# Homework Help: Finding final velocity with variable acceleration due to air resistance

1. Nov 20, 2012

### T. Haverford

1. The problem statement, all variables and given/known data

Hello! This is my first time posting here but I have been viewing these forums for help in my physics class for a while. Lately I have been stuck on one single problem that I haven’t been able to find any help with anywhere online. Any who, here is the problem: a cat jumps out of a 10m tall window with all its velocity in the X direction. He has a mass of 8.17kg, a drag coefficient of .8, and a cross sectional area of 600cm^2. What is his final velocity if you do NOT ignore air resistance?

2. Relevant equations

I determined, knowing the density of air to be 1.2 @ 20 C, that the cats terminal velocity would be around 52m/s. From here I solved for a drag or wind resistance constant, b, by taking the mass times gravity divided by terminal velocity (b=1.5). I also know that velocity at any time can be determined with the equation V=(mg)/b{1-e^[(-bt)/m]} where m is mass, g is gravity, b is the constant from above, and t is time. The problem is that I cannot find time with the variable acceleration due to gravity. My professor suggested using the concept of jerk but I haven’t been able to find any formulas that can help me out.

3. The attempt at a solution (attempt included in relevant equations)

Thanks in advance for any help!

2. Nov 20, 2012

### TSny

Hello on your first post to PF!

Maybe you could try using your velocity as a function of time to derive an expression for the position as a function of time. Since you know the final position of the cat, you might be able to determine the time the cat reaches that position.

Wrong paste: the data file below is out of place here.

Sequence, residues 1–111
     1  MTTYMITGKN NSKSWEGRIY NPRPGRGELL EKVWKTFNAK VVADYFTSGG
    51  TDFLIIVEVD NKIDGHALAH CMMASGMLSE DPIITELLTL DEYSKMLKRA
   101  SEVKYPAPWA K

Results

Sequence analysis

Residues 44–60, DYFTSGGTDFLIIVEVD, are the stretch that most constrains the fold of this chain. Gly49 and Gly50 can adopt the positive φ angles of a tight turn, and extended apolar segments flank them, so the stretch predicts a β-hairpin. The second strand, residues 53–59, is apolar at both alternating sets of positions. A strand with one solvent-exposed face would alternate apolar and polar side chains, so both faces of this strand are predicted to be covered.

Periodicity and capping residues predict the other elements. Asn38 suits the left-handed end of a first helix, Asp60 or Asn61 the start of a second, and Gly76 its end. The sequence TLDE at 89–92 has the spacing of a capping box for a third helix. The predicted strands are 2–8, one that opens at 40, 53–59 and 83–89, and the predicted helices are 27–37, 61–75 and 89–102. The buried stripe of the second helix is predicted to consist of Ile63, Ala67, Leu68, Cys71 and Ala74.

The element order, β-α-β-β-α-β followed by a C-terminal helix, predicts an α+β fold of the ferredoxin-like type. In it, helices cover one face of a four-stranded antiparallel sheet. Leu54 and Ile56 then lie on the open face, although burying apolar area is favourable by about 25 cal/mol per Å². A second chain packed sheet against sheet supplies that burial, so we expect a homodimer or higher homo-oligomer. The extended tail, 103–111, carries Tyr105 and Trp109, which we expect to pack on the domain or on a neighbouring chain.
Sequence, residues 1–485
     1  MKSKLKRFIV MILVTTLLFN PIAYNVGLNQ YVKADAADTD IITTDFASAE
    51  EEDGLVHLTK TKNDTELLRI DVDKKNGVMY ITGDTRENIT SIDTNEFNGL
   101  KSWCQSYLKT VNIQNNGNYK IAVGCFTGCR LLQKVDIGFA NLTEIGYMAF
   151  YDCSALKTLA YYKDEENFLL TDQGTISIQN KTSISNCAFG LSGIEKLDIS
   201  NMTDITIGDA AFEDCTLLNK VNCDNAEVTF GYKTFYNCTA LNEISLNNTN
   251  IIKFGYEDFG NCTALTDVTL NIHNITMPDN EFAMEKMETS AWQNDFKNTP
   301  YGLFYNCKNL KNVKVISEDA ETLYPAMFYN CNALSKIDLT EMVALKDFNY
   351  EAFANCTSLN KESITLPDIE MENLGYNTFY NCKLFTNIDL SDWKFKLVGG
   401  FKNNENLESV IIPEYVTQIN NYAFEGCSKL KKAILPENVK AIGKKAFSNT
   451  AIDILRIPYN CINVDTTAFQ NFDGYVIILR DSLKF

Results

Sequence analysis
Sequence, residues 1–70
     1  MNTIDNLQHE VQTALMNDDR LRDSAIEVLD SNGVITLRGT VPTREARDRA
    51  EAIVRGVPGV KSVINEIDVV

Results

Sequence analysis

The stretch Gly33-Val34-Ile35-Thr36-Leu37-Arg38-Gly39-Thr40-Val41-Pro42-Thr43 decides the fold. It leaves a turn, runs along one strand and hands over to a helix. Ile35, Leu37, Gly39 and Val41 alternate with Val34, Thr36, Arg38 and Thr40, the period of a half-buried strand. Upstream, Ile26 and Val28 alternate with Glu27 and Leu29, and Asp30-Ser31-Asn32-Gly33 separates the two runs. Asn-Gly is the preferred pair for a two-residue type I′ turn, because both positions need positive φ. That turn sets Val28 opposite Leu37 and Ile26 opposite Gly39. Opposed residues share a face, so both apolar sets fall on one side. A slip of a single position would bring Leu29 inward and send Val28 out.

3. Nov 20, 2012

### Staff: Mentor

Welcome to PF.

You need to start over. The first thing you need to do is focus on the drag force. The drag force has components in both the horizontal and vertical directions. The spatial direction of the drag force will be opposite to the spatial direction of the velocity vector. First express the magnitude of the drag force in terms of the magnitude of the velocity vector, which is the square root of the sum of the squares of the horizontal and vertical components. Then calculate the unit vector in the direction of the drag force. Multiply the unit vector by the magnitude of the drag force to express the force as a vector. Now you are finally ready to start doing your force balances in the horizontal and vertical directions. This should lead to two coupled differential equations for the derivatives of the horizontal and vertical components of velocity with respect to time.

4. Nov 20, 2012

### TSny

Ah, yes. I missed that the cat jumps horizontally! Yikes. Good luck.